Novocherkassk Tragedy


Thousands of workers from the Novocherkassk Electric Locomotive Works and their “supporters marched to the Communist Party’s headquarters in order to protest Khrushchev’s passing of legislation that would lead to nation-wide price increases for meat and dairy products on June 2nd, 1962” (Seventeen Moments). The march on headquarters resulted in a labor strike due to the laborers’ growing displeasure of the new prices. The NEVZ workers were the most prominent group at the strike since they had been overworked at their factory, which had been competing in a socialist competition. These workers didn’t receive any extra benefits or compensation for the extra work.

Failing to adhere to the warnings of the general who was stationed there, the soldiers dispersed gunfire into the crowd. Thus, resulting in the deaths of twenty-four people and many wounded. This culminated in the Novocherkassk Massacre. Even though, news of an atrocity of this magnitude would usually spread very quickly to other places, the Soviets managed to keep the major details secret until 1988, when close to two dozen bodies were found and eventually connected to this slaughter. Following the uncovering of this massacre, a Russian newspaper obtained classified documents of the event and issued a story that exposed the true events that took place. The Soviets rapidly buried the bodies of those who were murdered and immediately shut down another protest endeavor the following day, which allowed them to keep this event a secret for so long.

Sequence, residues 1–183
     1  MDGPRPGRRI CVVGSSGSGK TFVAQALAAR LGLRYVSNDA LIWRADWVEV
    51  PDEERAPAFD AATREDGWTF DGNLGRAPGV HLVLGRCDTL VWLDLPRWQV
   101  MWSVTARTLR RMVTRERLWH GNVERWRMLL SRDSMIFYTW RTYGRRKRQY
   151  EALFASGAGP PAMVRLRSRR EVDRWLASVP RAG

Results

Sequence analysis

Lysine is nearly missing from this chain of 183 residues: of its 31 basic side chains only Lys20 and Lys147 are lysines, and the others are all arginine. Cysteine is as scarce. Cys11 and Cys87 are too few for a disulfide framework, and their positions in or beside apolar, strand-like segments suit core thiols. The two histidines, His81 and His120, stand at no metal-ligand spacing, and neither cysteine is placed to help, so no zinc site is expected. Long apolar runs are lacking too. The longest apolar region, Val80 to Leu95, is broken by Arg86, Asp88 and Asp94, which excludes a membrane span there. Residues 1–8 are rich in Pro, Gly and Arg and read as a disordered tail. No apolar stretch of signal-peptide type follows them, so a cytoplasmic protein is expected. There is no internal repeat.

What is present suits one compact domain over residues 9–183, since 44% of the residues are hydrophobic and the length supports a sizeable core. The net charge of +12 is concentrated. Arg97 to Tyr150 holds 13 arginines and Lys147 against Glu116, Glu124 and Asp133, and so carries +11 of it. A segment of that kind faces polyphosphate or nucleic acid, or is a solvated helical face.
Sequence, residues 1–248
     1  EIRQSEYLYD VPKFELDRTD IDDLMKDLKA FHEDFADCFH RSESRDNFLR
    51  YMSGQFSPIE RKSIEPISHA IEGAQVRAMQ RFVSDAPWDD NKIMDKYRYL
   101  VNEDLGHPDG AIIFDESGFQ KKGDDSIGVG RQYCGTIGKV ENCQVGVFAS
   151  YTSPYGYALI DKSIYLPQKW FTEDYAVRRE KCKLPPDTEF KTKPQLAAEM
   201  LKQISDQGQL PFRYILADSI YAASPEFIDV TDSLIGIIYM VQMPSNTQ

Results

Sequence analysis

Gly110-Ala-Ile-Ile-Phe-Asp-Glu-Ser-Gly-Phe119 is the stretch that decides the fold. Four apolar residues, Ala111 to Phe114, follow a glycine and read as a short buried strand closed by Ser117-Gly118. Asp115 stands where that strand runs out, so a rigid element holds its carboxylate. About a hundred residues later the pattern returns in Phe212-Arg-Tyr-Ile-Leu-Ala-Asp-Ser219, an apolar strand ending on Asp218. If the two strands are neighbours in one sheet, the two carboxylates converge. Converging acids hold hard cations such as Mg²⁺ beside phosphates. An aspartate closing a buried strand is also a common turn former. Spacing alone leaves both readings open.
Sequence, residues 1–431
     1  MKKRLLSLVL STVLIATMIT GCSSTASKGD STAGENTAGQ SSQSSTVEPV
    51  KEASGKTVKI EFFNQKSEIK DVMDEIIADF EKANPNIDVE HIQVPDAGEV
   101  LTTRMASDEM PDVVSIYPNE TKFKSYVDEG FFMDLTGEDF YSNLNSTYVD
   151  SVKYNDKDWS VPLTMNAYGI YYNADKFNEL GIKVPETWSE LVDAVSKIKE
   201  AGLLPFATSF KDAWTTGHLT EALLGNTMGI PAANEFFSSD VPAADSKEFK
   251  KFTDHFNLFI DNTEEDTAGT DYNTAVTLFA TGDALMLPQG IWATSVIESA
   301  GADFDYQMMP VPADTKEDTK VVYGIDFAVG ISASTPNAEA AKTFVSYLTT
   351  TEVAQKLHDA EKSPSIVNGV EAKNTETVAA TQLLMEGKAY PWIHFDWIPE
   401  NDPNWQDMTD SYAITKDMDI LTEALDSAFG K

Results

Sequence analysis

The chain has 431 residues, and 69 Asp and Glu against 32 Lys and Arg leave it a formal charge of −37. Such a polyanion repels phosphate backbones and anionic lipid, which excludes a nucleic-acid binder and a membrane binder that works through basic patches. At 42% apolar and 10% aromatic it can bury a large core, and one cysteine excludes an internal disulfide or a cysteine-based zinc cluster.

The Novocherkassk Massacre proves just how effectively the Soviets were able to hide the majority of human rights violations and oppressive actions that they committed. Many of the truths of Soviet massacres and abuses were kept under wraps up until the collapse of the Soviet Union. The Soviets were able to keep many of the significant details and evidence hidden from external eyes. Therefore, the Soviets were able to maintain friendly relationships with other communist nations that they had aligned themselves with and, most importantly, maintain favorable bonds with their citizens.




“Novocherkassk Massacre.” Seventeen Moments in Soviet History. Accessed April 03, 2016.

Wikipedia. Accessed April 03, 2016.

“1962: The Novocherkassk Tragedy.” 1962: The Novocherkassk Tragedy. Accessed April 03, 2016. “Novocherkassk Massacre.” YouTube. January 12, 2016. Accessed April 03, 2016.